Two world championship points for ninth place were the prize at the end of what I would say was a challenging Mexican Grand Prix.
For myself and the Williams Martini Racing team, any points finish is now precious – as the fight with Force India for fourth place in the constructors' championship will almost certainly only be decided at the chequered flag at Abu Dhabi.
There are just nine points separating our two teams, so it means during this final stage of the season we cannot afford any mistakes.
My race began with a good start, and over the course of the first lap I was able to pass Valtteri Bottas at the exit of Turn 1, and then overtake Sebastian Vettel under braking for Turn 5. It was a pretty good start – but after that came some more difficulties.
After 14 laps I switched from the supersoft tyres that I had started the race with and, as I got back out on track, I was really struggling for grip. For about 10 laps it was hard to get good traction, and with Sergio Perez right behind me I knew that if I had made the slightest mistake he would have got past me.
But I was very focused, and after about 10 laps finally the tyres got better and I could control the situation with less difficulty. It was very important to keep ahead of the Force India and I managed to do that until the chequered flag.
Top speed record
On the weekend of Mexico City, there was a great deal of interest about a new top speed record in a race. I managed to reach 371.5 km/h, but my teammate was 0.8 km/h faster!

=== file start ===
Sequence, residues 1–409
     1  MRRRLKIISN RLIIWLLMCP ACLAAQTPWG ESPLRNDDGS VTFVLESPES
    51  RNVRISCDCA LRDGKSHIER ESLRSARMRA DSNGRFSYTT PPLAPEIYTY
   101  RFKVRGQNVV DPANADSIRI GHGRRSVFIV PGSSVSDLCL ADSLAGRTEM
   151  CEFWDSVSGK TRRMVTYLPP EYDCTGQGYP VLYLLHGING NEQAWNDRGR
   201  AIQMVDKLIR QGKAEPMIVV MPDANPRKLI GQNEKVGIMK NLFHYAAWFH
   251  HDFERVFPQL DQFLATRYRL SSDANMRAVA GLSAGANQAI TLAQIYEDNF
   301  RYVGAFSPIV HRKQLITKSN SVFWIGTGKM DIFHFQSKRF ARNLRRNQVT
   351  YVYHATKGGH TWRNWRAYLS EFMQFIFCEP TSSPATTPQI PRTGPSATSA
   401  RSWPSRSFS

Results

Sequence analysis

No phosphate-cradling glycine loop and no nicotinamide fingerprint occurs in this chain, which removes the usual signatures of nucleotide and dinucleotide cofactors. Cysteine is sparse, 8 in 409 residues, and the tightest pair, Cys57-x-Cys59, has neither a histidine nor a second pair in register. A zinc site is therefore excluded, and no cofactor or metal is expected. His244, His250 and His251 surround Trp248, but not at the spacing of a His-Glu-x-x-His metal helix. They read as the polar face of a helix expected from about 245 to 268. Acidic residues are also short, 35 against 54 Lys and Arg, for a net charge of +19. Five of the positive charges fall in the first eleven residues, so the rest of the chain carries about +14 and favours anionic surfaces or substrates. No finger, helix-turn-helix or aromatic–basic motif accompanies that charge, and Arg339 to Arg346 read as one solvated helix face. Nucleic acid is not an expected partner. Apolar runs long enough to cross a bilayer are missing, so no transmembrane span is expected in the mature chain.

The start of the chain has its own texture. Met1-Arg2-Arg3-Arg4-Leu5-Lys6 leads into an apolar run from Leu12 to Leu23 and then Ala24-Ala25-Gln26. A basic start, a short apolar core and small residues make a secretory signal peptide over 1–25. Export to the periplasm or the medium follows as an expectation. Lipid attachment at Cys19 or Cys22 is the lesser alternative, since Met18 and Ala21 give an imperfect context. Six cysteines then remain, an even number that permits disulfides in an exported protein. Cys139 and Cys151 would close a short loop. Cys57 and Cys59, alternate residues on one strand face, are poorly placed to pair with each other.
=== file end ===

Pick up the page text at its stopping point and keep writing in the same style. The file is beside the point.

Some fans have asked what it is like to be a racing driver when you hit such a peak, and if I answer truthfully I would say that a driver is aware of being very fast – but if it is 350 km/h or 370 km/h it doesn't make much difference.
We are used to the speed, and even if we like it when we go fast, the news of a record is something that excites lovers of statistics rather than those who are behind the wheel.
After the Mexican Grand Prix I went straight to Sao Paulo. The build-up to my home race is always very special, and this year it is even more so. It will be my last Brazilian Grand Prix and I am sure it will be one of the most special races of my career.
It was at Interlagos that I took my first steps with a crash helmet, and it is the place where I managed to achieve my biggest dream: winning my home race. Every driver wants to win their home race, but for Brazilians I am sure it means a little bit more.
The joy of achieving it is incredible, and I had the good fortune to achieve it twice! So knowing that in a few day I will drive my last home grand prix, in front of an extraordinary audience – it makes this time very special. I'm really looking forward to getting out on track.
There is a job to be done though, and on that front I do not think Interlagos will see much of a shake-up in the midfield compared to the last few races.
We have to knuckle down and bring home the best result possible – for if there is one place where I hope we can achieve something more it is Interlagos.
The support of the fans, and the reasons to give them something to cheer about, means I am preparing for a weekend that I am sure I will never forget.